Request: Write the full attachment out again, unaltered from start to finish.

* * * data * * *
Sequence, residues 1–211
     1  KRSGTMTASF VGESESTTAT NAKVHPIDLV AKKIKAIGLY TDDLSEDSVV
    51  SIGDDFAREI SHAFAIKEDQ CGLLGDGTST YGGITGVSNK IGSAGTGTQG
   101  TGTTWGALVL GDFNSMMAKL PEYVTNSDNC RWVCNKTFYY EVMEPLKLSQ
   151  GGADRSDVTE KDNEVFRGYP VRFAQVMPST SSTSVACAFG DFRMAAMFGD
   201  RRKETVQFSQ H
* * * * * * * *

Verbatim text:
Sequence, residues 1–211
     1  KRSGTMTASF VGESESTTAT NAKVHPIDLV AKKIKAIGLY TDDLSEDSVV
    51  SIGDDFAREI SHAFAIKEDQ CGLLGDGTST YGGITGVSNK IGSAGTGTQG
   101  TGTTWGALVL GDFNSMMAKL PEYVTNSDNC RWVCNKTFYY EVMEPLKLSQ
   151  GGADRSDVTE KDNEVFRGYP VRFAQVMPST SSTSVACAFG DFRMAAMFGD
   201  RRKETVQFSQ H